Q: In your Lex Appeal post, you refer to “The linguist David Crystal ….” I often see this construction, but it strikes me as strange. Is “the” really needed here? An NPR book review last year referred to him simply as “Linguist David Crystal ….”
A: Our old boss, the New York Times, would call the word “Linguist” in that NPR example a “false title.” Here’s an explanation from the Times style manual:
“Do not make titles out of mere descriptions, as in harpsichordist Dale S. Yagyonak. If in doubt, try the ‘good morning’ test. If it is not possible to imagine saying, ‘Good morning, Harpsichordist Yagyonak,’ the title is false.”
The dropping of “the” in phrases like “convicted felon so-and-so” and “award-winning author what’s-his-name” is especially common in the news media, and the usage is often criticized as journalese.
The usage authority Theodore M. Bernstein says in The Careful Writer that these “coined titles” were apparently “inspired by Time magazine and abetted by news agencies.”
Bryan A. Garner, in the “Titular Tomfoolery” section of Garner’s Modern American Usage (3rd ed.), says the acceptance of these article-free titles is “partly attributable to their sanction by the Associated Press.”
(The AP stylebook includes these examples of “titles serving as occupational descriptions: astronaut John Glenn, movie star John Wayne, peanut farmer Jimmy Carter.”)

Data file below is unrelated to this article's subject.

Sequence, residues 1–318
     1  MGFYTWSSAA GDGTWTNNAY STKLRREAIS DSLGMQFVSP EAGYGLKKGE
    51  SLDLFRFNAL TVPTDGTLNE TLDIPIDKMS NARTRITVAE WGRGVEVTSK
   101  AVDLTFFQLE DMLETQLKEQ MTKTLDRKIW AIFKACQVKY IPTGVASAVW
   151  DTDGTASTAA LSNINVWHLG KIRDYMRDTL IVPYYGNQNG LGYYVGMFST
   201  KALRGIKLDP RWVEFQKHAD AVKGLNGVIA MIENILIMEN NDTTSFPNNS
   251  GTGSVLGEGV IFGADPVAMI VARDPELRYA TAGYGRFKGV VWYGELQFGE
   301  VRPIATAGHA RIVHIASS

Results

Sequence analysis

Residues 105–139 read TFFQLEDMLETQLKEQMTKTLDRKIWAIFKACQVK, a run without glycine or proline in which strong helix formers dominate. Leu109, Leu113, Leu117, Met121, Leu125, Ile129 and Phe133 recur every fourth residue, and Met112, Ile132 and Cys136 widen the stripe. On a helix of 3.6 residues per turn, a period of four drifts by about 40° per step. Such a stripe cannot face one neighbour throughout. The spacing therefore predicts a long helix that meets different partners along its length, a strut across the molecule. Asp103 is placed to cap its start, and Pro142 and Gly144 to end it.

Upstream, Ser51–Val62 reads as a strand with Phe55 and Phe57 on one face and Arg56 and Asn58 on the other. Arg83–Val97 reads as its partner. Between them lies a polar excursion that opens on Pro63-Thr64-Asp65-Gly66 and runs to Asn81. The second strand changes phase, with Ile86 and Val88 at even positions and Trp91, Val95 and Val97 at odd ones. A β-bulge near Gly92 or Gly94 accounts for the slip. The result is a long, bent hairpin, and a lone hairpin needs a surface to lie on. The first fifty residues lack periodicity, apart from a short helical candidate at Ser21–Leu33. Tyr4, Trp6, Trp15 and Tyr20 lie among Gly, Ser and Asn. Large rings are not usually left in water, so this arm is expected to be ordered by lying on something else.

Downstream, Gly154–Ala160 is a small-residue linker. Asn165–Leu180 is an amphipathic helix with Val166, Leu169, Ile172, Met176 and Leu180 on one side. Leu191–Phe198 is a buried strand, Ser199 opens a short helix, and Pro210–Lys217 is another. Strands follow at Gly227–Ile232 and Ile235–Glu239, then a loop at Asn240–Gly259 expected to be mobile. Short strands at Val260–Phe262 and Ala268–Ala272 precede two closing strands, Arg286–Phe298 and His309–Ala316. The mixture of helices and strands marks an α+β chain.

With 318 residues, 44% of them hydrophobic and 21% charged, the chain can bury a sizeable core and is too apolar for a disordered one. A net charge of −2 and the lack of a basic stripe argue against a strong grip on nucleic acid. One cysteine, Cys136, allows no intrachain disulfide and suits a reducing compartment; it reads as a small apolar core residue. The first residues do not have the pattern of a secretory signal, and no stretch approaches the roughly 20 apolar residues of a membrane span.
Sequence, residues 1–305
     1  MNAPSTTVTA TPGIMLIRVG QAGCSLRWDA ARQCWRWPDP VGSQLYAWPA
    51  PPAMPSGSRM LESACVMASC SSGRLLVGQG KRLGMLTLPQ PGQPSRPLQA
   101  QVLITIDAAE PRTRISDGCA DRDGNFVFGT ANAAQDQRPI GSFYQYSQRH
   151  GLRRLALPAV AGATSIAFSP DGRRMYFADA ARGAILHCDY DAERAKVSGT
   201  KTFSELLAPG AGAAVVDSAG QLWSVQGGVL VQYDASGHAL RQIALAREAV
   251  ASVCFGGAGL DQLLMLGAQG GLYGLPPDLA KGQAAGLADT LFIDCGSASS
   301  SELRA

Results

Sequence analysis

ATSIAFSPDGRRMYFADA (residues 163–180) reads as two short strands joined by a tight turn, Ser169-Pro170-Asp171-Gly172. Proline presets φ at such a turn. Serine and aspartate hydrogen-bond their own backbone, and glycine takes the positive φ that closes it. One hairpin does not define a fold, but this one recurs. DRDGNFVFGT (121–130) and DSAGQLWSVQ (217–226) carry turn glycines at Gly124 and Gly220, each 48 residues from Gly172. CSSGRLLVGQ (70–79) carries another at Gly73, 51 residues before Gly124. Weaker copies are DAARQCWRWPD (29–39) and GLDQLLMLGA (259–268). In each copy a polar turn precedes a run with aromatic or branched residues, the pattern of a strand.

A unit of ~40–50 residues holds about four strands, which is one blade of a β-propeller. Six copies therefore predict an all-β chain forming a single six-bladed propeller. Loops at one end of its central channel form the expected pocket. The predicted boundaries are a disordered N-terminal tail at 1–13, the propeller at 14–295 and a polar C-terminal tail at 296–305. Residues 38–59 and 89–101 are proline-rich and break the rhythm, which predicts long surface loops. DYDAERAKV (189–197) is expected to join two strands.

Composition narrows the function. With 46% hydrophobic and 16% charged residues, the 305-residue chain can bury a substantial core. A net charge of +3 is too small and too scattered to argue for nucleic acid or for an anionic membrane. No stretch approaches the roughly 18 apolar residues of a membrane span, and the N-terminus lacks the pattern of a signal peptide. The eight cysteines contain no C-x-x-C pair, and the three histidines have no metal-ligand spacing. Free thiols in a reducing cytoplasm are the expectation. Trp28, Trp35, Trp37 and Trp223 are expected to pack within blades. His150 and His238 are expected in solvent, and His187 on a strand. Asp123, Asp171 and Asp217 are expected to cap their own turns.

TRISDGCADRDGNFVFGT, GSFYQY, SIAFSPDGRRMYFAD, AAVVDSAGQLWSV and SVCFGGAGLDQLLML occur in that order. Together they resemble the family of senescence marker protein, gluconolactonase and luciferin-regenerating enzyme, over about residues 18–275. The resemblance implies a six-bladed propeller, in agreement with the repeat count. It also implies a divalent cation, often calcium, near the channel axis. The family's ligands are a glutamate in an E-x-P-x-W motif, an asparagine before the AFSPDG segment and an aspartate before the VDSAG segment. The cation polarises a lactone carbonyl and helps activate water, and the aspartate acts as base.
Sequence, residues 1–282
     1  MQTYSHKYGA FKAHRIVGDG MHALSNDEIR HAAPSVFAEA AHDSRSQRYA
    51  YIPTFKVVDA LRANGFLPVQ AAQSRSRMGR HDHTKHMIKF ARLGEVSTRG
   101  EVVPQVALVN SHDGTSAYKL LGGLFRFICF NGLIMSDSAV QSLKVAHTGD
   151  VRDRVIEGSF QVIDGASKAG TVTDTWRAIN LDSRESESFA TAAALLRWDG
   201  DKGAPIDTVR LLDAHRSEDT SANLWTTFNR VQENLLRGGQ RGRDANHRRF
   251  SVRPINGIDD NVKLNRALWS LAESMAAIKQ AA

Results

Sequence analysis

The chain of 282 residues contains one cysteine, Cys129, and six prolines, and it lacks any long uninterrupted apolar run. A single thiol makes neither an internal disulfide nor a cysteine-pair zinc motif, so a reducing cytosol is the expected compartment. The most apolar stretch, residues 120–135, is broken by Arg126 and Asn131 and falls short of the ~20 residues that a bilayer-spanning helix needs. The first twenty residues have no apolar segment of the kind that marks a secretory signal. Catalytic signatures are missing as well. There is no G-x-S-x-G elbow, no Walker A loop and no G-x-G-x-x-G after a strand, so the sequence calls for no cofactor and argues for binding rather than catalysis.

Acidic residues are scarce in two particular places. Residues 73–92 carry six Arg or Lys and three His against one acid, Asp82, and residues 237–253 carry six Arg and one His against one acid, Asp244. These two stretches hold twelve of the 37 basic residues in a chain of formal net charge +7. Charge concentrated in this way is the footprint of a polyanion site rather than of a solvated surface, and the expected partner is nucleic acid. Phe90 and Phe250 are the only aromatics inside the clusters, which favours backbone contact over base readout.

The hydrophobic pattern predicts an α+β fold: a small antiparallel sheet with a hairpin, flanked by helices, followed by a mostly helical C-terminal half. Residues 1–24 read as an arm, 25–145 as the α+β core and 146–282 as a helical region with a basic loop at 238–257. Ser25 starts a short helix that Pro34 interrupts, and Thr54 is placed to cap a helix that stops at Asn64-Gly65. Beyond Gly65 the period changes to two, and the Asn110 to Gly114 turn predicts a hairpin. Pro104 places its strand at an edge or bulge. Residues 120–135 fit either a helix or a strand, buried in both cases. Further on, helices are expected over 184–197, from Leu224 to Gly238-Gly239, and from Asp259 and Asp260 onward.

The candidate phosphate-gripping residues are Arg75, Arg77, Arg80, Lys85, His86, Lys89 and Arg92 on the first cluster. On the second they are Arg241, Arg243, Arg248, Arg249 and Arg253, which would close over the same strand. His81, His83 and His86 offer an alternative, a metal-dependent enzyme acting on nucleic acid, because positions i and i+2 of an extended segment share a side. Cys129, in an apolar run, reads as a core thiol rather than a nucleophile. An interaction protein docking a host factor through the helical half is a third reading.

Garner notes that the use of such descriptive titles “originated in the understandable desire for economy in both words and punctuation, since most appositives require articles (a or the) and commas.” (An appositive is a descriptive equivalent.)
However, Garner says “the result is often a breeziness that hardly seems worth the effort of repositioning the words from their traditional placement.”
Merriam-Webster’s Dictionary of English Usage says “the practice seems to show no signs of waning,” though “it presents no problems of understanding to the reader.”
The linguist Charles F. Myer, in “Pseudo-Titles in the Press Genre of Various Components of the International Corpus of English Writing,” reports that descriptive titles are spreading to English-language news media outside the US.
Although the usage tends to be limited in Britain to tabloids, he writes, it’s more common in New Zealand and the Philippines. He also cites inroads in Jamaica, East Africa, and Singapore.
So what do we think of all this? As you’ve noticed, we add “the” to turn these descriptive titles into actual descriptions, but it’s a personal choice.
In other words, this is a matter of style, not grammar. If you’re not a journalist following Times style or the like, the choice is up to you.
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